The Biden administration’s top health official on Monday tweeted a link to a Marijuana Moment article that discusses the president’s recent administrative cannabis scheduling directive.
U.S. Health and Human Services (HHS) Secretary Xavier Becerra posted the link at precisely 4:20pm ET—the second time during his tenure that he shared marijuana policy news at that symbolic time.
— Secretary Xavier Becerra (@SecBecerra) December 5, 2022
Federal officials have tweeted plenty of cannabis policy news in the past, and they typically wouldn’t warrant individualized coverage. But in this case, the official heads up a top department that plays a critical role in an active marijuana scheduling review—and the 4:20 timing of the post did not go unnoticed.
As most readers will likely understand, 4:20, 4/20 and 420 are nods to cannabis culture. And while the timing of this post could perhaps be chalked up to coincidence, it’s not the first time that Becerra’s official government Twitter account has shared marijuana news at exactly that time.
On the day the President Joe Biden first announced his scheduling review, the secretary’s account posted a tweet noting the action at 4:20pm ET, saying that he looks forward to working with the U.S. attorney general to fulfill the administrative mandate.
— Secretary Xavier Becerra (@SecBecerra) October 6, 2022
Of course, officials don’t usually tweet their own content from these government accounts, so one might reasonably infer that it could be a cheeky staffer scheduling the posts.
Marijuana Moment reached out to HHS for comment, but a representative was not immediately available.
“At the direction of @POTUS, we’re continuing to examine how marijuana is scheduled,” Becerra said in the new tweet accompanying the article link. “We’re looking at what the evidence tells us—and that will guide what we do.”
That’s the gist of what he’s said repeatedly since the president issued the scheduling review directive in early October. Biden also granted a mass marijuana pardon for Americans who’ve committed federal possession offenses and encouraged governors to follow suit at the state level.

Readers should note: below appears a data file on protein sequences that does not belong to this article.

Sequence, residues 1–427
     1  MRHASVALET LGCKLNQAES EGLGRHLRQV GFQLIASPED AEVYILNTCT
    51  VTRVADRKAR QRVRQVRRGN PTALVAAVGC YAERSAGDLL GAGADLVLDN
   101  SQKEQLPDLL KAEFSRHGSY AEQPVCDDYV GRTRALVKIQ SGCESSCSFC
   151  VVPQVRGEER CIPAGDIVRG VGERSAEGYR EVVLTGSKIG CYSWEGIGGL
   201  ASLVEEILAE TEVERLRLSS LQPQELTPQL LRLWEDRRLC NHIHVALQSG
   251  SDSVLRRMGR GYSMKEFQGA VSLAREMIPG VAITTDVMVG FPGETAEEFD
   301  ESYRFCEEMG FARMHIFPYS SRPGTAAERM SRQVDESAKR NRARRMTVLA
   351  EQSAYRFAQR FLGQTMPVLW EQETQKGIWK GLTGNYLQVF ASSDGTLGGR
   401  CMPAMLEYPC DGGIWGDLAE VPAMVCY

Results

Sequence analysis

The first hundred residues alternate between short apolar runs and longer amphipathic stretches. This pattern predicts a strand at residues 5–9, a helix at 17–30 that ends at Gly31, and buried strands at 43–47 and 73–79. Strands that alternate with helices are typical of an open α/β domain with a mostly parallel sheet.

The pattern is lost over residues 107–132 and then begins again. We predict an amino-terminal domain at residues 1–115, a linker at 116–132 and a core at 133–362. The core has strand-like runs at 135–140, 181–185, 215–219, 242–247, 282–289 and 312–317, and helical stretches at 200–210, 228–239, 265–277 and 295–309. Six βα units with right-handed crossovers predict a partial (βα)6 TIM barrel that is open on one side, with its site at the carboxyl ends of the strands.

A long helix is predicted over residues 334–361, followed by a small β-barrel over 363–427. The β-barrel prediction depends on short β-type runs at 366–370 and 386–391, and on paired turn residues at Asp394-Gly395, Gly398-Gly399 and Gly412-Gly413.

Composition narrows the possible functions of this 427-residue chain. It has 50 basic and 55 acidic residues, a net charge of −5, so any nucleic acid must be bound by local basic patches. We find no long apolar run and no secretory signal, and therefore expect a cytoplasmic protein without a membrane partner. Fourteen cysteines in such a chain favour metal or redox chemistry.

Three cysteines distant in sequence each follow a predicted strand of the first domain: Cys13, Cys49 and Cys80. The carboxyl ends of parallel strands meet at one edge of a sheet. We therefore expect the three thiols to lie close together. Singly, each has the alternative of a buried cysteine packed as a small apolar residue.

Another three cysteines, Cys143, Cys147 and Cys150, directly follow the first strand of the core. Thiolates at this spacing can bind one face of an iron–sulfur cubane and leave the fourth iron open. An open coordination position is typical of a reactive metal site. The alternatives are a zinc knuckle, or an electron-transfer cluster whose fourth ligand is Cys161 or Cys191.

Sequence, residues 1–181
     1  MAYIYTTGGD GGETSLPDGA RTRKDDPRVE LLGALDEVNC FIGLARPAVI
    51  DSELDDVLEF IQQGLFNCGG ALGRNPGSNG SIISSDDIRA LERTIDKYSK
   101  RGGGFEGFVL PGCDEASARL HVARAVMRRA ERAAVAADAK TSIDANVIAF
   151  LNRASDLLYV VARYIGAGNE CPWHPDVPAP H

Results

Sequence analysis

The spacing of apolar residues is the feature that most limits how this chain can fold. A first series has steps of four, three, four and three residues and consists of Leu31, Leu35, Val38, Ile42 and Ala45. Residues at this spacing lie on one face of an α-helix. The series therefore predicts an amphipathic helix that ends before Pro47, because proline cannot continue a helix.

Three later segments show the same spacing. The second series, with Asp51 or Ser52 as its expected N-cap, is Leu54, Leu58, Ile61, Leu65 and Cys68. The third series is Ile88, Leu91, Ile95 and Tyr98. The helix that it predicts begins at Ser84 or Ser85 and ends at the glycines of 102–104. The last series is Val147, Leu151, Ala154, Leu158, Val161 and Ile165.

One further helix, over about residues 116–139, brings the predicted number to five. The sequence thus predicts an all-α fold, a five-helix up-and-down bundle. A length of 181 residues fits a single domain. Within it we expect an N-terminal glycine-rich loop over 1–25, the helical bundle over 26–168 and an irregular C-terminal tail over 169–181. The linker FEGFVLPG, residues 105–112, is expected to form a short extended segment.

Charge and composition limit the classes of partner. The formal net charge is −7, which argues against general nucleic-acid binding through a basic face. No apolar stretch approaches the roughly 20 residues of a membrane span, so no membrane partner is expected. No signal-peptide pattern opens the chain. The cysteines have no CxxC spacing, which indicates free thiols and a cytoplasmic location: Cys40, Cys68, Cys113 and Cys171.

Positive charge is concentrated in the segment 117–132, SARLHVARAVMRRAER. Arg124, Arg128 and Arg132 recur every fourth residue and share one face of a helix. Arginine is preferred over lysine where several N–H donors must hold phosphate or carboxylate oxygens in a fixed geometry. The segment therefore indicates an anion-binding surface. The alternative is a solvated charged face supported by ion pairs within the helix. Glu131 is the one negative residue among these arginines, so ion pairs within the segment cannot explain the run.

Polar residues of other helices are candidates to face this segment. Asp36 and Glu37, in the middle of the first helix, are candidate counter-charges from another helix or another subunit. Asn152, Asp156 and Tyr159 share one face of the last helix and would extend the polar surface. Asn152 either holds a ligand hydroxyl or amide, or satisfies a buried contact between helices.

“We’re going to take a look at what science tells us and what the evidence tells us,” Becerra, who has a considerable record supporting cannabis reform as a congressman and as California’s attorney general, said at the recent overdose prevention event. “That will guide what we do—and we hope that will guide what the federal government does.”
Following the president’s cannabis pardons and scheduling announcement, the secretary said that the department would “work as quickly as we can” to carry out the scientific review. And he’s already discussed the issue with the head of the Food and Drug Administration (FDA) to that end.
Separately, the White House drug czar said recently that that the president’s action was “historic,” adding that there are “clearly” medical benefits of cannabis.
Like HHS, DOJ has similarly committed to quickly carrying out the separate scheduling review the president directed, which could result in a recommendation to place cannabis in a lower schedule or remove it altogether, effectively legalizing the plant under federal law.
Separately, Biden recently cheered a move by Oregon’s governor to grant tens of thousands of marijuana pardons this week, which followed his own federal clemency action. And he says other states should “follow Oregon’s example.”
The president also officially signed a marijuana research bill into law last week, making history by enacting the first piece of standalone federal cannabis reform legislation in U.S. history.
A series of polls have shown that Americans strongly support the president’s pardon action, and they also don’t think that marijuana should be federally classified as a Schedule I drug.
Meanwhile, House lawmakers on Monday delayed committee consideration of a large-scale defense bill—which advocates had hoped to see advance with marijuana reform provisions attached—amid disagreements over several key issues that have not been resolved. And the offices of several Republican senators met with the Department of Justice to discuss their concerns with pending cannabis banking reforms.